Monterey Bay Aquarium staff are reeling from the sudden death of a young great white shark that had been on exhibit the past few months and was released into the wild last week.
“This is a very difficult day for all of us, and for everyone who saw and cared about this animal,” the aquarium’s director of husbandry, Jon Hoech, said in a statement released by aquarium officials Wednesday.
Aquarium staff had collected the shark off the coast of Marina del Rey on Aug. 18 to conduct research and educate the public about the threats the animals face in the wild.
The 4-foot, 10-inch, 52-pound male shark–the sixth great white shark to be exhibited in the aquarium’s million-gallon Open Sea exhibit–was released after 55 days on exhibit, according to aquarium officials.
“We had every confidence that he’d do well back in the wild,” Hoech said. “Unfortunately, that’s not how things turned out. We’re surprised and saddened by the outcome.”
The shark was transported from the aquarium to Goleta in Santa Barbara County on Oct. 25, where it was released that afternoon. Hoech said the shark appeared fine as it swam out of sight.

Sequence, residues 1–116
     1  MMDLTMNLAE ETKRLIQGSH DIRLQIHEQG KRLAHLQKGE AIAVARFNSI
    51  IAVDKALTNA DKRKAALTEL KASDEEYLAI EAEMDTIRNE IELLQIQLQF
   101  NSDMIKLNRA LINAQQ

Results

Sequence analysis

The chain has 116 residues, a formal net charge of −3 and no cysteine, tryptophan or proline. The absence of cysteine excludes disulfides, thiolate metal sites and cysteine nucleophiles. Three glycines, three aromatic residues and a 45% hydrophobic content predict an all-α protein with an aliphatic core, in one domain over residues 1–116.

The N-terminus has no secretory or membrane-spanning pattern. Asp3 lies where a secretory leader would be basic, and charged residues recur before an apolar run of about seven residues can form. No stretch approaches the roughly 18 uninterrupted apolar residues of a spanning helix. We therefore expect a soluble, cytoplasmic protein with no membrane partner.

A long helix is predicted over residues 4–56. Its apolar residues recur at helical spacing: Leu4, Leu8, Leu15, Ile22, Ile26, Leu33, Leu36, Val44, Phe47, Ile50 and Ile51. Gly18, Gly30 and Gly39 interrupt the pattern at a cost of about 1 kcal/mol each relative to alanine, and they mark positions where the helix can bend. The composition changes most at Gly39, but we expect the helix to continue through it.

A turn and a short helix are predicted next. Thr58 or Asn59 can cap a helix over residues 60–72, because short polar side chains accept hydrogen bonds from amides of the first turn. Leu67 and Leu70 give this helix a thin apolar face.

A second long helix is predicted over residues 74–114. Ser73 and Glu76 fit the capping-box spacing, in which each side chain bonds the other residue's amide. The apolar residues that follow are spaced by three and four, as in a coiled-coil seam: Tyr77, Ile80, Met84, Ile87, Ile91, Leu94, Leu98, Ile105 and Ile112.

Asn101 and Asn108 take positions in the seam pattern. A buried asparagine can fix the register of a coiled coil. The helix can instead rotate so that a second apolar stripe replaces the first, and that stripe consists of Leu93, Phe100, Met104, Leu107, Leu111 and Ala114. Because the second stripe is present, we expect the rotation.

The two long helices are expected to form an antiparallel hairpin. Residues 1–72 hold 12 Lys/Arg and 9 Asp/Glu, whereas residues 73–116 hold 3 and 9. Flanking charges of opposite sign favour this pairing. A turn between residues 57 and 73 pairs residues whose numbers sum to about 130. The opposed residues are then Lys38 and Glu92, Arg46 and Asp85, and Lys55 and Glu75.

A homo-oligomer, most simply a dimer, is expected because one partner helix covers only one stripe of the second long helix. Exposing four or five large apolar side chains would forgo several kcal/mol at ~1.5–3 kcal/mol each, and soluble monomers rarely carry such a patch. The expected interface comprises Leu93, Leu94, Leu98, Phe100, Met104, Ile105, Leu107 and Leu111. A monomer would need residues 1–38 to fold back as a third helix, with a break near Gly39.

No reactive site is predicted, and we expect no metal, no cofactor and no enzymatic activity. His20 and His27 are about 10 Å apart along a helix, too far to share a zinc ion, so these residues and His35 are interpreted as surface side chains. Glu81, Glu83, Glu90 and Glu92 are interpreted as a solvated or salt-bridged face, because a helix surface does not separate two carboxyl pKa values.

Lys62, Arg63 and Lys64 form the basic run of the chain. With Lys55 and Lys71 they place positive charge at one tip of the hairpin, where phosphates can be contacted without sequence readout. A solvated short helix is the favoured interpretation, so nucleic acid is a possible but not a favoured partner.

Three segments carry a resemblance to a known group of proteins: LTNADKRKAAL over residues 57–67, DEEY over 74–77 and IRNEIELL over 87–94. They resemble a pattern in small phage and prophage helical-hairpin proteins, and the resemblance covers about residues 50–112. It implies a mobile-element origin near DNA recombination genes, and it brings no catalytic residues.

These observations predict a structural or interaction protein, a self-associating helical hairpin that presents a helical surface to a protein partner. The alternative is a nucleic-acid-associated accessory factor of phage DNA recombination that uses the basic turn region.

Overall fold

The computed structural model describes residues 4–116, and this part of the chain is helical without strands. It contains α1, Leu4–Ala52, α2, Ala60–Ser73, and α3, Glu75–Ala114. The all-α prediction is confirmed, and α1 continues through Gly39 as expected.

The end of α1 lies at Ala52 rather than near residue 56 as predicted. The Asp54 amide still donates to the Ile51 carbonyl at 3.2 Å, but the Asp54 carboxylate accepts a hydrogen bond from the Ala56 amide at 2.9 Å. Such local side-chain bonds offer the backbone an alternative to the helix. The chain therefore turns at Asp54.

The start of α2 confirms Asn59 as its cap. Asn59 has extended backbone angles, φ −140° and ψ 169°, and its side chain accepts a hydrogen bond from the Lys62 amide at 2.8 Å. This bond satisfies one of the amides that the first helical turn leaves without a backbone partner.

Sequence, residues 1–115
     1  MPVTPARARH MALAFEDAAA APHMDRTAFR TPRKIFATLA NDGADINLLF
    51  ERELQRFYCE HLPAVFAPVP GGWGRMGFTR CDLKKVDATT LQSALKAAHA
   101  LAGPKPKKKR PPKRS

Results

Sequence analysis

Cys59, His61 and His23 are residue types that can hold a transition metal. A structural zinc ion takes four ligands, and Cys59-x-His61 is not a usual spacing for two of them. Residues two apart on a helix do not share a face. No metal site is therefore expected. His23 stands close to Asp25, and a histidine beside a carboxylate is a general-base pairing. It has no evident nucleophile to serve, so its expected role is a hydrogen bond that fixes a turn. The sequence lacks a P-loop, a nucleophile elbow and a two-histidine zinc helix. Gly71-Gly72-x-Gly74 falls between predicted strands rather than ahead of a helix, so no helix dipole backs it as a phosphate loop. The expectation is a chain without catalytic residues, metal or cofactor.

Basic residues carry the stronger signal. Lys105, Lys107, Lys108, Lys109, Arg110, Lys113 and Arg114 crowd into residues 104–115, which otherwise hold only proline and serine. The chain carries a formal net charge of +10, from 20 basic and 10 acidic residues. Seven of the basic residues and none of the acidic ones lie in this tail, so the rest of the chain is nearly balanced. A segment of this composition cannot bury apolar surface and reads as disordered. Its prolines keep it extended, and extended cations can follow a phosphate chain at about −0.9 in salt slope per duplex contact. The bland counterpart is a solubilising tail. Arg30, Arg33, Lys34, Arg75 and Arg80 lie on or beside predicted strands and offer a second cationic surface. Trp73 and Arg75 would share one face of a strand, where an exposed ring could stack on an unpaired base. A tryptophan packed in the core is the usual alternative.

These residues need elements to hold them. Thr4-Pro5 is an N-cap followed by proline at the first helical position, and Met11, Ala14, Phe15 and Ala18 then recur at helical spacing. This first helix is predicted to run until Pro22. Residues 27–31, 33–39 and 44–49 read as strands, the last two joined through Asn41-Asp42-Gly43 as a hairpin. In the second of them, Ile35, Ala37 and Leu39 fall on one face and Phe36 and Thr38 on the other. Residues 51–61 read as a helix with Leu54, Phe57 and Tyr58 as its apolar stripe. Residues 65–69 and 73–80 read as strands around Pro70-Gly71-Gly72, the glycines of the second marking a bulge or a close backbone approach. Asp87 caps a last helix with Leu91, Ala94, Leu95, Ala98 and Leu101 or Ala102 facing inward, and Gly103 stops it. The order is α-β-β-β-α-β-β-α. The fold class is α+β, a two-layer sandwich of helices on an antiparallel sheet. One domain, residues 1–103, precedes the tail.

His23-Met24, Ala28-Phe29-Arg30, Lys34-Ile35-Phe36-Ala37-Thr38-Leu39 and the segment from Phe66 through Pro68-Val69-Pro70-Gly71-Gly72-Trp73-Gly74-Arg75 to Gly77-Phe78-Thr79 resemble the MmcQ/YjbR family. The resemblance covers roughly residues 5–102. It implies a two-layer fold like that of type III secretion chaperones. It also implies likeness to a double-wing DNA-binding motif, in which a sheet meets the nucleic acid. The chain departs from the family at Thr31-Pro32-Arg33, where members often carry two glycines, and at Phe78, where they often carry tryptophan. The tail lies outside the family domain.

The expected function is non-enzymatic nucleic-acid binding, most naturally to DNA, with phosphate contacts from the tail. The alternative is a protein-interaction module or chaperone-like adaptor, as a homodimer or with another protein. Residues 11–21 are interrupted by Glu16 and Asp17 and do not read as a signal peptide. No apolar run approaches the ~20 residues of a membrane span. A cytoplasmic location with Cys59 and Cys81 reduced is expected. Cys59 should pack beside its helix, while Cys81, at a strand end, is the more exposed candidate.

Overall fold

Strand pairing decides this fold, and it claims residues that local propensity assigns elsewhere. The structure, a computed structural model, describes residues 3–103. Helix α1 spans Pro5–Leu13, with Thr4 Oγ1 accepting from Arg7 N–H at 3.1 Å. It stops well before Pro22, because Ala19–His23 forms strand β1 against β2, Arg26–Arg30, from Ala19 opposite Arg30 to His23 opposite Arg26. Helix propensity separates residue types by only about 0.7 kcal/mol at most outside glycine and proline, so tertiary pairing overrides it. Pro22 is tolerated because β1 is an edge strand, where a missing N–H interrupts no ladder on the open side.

Aquarium staff veterinarian Dr. Mike Murray said the decision to release the shark was based on changes in how well it navigated the exhibit.
“While we determined it was best not to keep him on exhibit any longer, we had no reservations about whether the shark would do well in the wild,” Murray said. “That’s why his death is both distressing and puzzling.”
The shark’s electronic monitoring tag popped free on Saturday and began transmitting its stored data on Sunday.
Aquarium staff that afternoon retrieved the tag, which was delivered to the aquarium’s white shark team on Tuesday for analysis.
In the coming weeks, aquarium staff will review its procedures and protocols, retracing its steps to determine what, if anything, went wrong.
Aquarium officials said it is the first death among the six young sharks that have been on exhibit since 2004. Project White Shark started in 2002 and has tracked and tagged 47 juvenile great white sharks off the Southern California coast, according to the aquarium.
“Our animal care staff is unrivaled in its knowledge of young great white sharks,” aquarium managing director Jim Hekker said. “This is a difficult time for all of us.”
Patricia Decker, Bay City News